Her first novel in this series, Stalking Jack the Ripper, debuted at #1 on the New York Times bestseller list. It incorporates her love of forensic science and unsolved history.











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Tuesday, September 19, 2017

Top Ten Tuesday-- Fall 2017 TBR

Top Ten Tuesday is a really cool original feature/weekly meme created over at The Broke and The Bookish. Each week they post a new Top Ten List that bloggers join in on answering... and today (September 19th) I'm one of them :)


Today's Topic

Top Ten Books On My Fall 2017 TBR





1.  Bad Girls With Perfect Faces by Lynn Weingarten
  • Been anticipating this book all year.  The cover?? Perfection.  Plus, the author is a fave.

2.  The Hanging Girl by Eileen Cook
  • I love the YA Mysteries and ever since reading With Malice, I've been wanting something new from Eileen Cook.

3.  13 Minutes by Sarah Pinborough
  • I love the "I don't remember" trope & it's described as "Mean Girls for the Instagram age", so YES!

4.  A Semi-Definitive List of Worst Nightmares by Krystal Sutherland
  • This came out at the beginning of September, and I really need to get to it.

5.  This Darkness Mine by Mindy McGinnis
  • Mindy McGinnis is savage, and I can't wait to see how she will kill my emotions again.






6.  The Breathless by Tara Goedjen
  • The last gothic mystery I read, I LOVEDDDD.  So I'm definitely looking forward to starting this one.

7.  No Saints in Kansas by Amy Brashear
  • It's an In Cold Blood retelling.  So, yeah.

8.  Follow Me (The Amateurs #2) by Sara Shepard
  • I didn't love love the first book in this series, but I need a Sara Shepard book every now and again for guilty pleasure, entertainment purposes.

9.  Turtles All the Way Down by John Green
  • It's John Green and I must read it.  I know a lot of people think he's overrated or whatever, but I think he's brilliant.  I might not always click with his books or characters, but I'm always wowed by his ability to make me think damn, dude is smart.

10.  The Knowing (The Forgetting #2) by Sharon Cameron
  • I just recently read The Forgetting and LOVED IT!!!  I am super excited about the sequel coming out, so I can continue on in this cool world.




What books are you planning on reading this Fall?


Monday, September 18, 2017

Welcome to the FFBC: The Clue in the Trees by Margi Preus Interview & GIVEAWAY

The Clue in the Trees

(Northwoods #2)
by Margi Preus
Publisher: University of Minnesota Press
Release Date: September 19, 2017
Genre: Young Adult, Mystery
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Synopsis:

Francie’s brother Theo has secrets—secrets Francie thinks she wants to know. But what if one of those secrets is that Theo is a murderer? To avoid considering that possibility, Francie plunges into her senior year at a small-town high school near Enchantment Lake in northern Minnesota. It’s a radical change from her private school in New York, but she hopes to keep an eye on her great aunts and maybe finally learn more about the mother she never knew. A small silver box seems to hold the answers, and she is determined to get her hands on it.

But when her long-lost brother turns up, so does a dead body, and once again Francie is drawn into a mystery. A long list of suspects, with Theo at the top, keeps her head spinning. When Francie herself becomes a suspect she starts to feel like she is walking on thin ice, but it isn’t until she is literally walking on thin ice that the pieces start to come together—and by then it may be too late.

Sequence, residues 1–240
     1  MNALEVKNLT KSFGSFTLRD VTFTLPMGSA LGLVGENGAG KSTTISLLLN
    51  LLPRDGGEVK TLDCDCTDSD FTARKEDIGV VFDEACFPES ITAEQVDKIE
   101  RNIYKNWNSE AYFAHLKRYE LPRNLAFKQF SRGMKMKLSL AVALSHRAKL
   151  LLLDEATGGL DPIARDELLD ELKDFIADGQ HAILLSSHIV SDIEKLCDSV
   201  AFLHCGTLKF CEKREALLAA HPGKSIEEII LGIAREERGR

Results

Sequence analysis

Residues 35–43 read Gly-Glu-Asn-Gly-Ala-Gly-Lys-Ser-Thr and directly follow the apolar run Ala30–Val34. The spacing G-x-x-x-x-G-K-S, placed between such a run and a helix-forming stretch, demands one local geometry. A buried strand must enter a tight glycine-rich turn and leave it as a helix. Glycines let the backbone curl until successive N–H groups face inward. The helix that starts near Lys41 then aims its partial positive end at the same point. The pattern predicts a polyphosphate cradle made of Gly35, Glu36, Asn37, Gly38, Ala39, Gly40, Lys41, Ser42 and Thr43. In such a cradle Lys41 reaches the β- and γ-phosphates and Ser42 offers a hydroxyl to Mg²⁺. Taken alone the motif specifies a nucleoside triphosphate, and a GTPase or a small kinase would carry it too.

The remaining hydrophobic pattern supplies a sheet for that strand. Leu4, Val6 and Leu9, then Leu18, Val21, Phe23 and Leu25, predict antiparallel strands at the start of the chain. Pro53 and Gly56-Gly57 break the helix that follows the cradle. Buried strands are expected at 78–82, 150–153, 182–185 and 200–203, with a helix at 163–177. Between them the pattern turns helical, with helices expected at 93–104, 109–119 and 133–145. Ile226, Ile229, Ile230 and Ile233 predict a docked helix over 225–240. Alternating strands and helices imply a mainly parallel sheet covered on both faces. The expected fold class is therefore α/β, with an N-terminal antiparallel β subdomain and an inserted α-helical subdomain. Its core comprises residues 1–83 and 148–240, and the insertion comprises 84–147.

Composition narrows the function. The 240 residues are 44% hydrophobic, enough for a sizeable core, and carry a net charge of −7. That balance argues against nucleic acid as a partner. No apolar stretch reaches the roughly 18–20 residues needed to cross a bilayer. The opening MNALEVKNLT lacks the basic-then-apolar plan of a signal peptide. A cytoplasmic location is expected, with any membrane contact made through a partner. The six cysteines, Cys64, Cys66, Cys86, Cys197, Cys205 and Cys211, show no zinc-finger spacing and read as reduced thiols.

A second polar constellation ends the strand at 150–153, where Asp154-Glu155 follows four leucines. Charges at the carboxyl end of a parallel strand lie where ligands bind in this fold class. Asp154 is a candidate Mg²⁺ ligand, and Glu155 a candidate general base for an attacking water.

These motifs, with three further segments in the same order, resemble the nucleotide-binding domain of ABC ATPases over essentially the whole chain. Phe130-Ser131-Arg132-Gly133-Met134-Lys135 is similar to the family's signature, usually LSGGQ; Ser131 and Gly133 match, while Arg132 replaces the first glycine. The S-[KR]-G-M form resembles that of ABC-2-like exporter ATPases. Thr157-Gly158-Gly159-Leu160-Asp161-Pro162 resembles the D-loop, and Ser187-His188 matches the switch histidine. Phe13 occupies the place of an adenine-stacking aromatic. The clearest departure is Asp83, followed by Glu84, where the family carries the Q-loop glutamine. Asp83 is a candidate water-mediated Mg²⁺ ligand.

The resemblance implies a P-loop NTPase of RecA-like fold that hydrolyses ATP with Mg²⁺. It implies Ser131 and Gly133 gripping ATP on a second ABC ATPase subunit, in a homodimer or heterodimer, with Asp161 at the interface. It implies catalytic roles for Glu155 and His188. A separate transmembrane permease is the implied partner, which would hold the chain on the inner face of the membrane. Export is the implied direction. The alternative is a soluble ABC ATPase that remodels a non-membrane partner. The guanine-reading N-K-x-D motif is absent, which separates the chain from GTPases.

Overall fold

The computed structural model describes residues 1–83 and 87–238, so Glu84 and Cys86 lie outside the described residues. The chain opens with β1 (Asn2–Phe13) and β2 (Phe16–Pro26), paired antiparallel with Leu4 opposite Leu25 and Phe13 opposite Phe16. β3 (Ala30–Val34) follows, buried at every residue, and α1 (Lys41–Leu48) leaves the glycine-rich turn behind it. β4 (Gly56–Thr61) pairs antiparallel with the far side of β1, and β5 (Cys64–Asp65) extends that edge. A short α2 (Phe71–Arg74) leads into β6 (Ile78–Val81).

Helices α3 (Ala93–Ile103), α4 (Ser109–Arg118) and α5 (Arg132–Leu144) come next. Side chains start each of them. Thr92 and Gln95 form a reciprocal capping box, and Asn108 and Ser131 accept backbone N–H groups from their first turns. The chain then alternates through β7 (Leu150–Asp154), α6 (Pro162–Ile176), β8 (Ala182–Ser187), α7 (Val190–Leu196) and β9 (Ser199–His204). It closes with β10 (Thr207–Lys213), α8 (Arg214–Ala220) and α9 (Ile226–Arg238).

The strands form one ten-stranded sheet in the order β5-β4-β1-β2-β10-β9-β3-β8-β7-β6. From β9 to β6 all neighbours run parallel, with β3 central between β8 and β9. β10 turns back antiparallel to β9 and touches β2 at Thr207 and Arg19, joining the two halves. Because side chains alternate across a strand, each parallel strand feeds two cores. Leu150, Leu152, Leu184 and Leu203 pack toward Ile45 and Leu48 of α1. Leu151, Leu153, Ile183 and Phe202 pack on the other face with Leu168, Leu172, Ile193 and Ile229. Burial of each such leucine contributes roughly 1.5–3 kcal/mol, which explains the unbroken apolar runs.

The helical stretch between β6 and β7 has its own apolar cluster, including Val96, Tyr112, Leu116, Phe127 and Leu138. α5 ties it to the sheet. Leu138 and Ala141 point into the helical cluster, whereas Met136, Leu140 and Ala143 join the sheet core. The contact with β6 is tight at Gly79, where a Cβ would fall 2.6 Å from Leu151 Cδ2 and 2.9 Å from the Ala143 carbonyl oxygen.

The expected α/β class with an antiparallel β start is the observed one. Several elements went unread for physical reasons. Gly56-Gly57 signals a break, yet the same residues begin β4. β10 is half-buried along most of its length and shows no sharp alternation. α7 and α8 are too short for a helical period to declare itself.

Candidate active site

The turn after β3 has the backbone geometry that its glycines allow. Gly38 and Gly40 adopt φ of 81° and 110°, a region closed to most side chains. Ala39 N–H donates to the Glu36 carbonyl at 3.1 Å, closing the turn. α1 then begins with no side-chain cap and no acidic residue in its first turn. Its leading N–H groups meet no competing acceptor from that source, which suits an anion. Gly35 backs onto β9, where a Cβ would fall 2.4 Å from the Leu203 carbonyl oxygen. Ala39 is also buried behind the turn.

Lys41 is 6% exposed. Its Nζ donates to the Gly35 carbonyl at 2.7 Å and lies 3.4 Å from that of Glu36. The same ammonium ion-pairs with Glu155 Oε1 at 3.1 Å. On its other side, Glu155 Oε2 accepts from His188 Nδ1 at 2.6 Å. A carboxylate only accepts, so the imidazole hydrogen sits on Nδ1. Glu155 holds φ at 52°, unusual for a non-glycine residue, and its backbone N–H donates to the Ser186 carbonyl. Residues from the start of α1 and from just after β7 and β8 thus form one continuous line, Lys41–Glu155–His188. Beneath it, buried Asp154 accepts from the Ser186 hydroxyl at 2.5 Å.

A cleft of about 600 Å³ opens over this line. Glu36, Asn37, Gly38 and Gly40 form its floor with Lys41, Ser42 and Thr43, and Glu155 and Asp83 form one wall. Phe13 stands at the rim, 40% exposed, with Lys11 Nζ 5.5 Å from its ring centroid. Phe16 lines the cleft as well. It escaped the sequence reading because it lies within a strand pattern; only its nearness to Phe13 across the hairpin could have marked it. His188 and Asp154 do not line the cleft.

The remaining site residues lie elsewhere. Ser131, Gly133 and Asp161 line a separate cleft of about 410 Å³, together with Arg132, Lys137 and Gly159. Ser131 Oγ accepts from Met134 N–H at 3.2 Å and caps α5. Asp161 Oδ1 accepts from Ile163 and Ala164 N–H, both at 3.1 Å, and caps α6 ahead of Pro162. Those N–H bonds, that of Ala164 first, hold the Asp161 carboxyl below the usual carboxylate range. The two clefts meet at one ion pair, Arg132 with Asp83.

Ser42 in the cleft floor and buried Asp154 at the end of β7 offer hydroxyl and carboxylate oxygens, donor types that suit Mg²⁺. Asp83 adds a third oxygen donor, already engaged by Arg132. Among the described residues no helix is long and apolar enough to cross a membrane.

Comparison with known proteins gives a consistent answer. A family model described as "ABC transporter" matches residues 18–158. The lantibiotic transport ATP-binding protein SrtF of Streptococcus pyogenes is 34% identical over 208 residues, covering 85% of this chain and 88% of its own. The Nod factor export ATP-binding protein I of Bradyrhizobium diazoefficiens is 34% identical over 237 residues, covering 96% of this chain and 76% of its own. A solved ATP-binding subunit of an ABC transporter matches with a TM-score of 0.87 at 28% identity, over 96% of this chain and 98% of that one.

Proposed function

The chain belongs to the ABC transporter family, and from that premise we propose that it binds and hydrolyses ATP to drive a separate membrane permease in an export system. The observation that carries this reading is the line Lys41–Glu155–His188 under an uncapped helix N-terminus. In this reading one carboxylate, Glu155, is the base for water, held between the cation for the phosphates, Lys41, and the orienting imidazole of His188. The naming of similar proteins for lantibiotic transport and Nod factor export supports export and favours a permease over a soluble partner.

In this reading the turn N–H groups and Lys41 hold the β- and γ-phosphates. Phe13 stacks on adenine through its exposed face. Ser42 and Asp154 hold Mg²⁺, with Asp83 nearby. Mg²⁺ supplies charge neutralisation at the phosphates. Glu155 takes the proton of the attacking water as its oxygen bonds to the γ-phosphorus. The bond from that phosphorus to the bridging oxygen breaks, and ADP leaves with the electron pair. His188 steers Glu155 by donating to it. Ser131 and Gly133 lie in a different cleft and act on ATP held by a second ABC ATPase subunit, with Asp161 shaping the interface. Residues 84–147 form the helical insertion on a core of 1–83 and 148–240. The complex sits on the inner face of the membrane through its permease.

In her previous adventure Enchantment Lake, Francie was thrown into northern Minnesota lake living: fishing, berry picking, lost kayaks and scary boat rides, poisoned hotdishes, exploding bulldozers, a forest fire . . . and murder. But if she thinks things have settled down, she’s in for a surprise. A new school with new friends (and a few enemies), a lead role in a play, an encounter with a giant muskie, archaeological twists, secret tunnels, thin ice, and a strangely sticky murder are all coming her way in The Clue in the Trees.



Hello Margi! We are super excited to talk to you about THE CLUE IN THE TREES and to have you in our FFBC tours.


ABOUT THE AUTHOR:


Favorite Book?

Of all time? Impossible question! Maybe Moby Dick, and no, I’m not even kidding. I would need to explain how I figured out how to read it for that to make sense.


Favorite TV show?

At the moment? BBC mysteries; Scandinavian crime shows


Favorite movie?

Anything by Wes Anderson


Favorite Song?

Today? Maybe Yesterday.


Favorite Food?

I love all food, particularly if someone else has made it.


Name 3 fictional places you would move to in a heartbeat.

Moominland. Wherever Wind in the Willows takes place. Anyplace EB White invented.


What were your favorite books growing up?

Pippi Longstocking, Charlotte’s Web, Island of Blue Dophins, Harriet the Spy, National Geographic Indians of the Americas, A Tale of Two Cities, Jane Eyre, Huckleberry Finn, Fairy tales.


 Favorite Quote? 

“There is always one moment in childhood when the door opens and lets the future in.” Graham Greene


What are your fandoms?

Sorry, I have only the vaguest notion what that is.


Name a recent book you read that you would recommend to our YA fans?

Mary Casanova’s Ice Out is not only a rollicking good read, but I learned some stuff from it, and put that to good use in The Clue in the Trees.  For mystery lovers who like quirky, I’d recommend the Flavia de Luce stories by Alan Bradley.



ABOUT THE BOOK: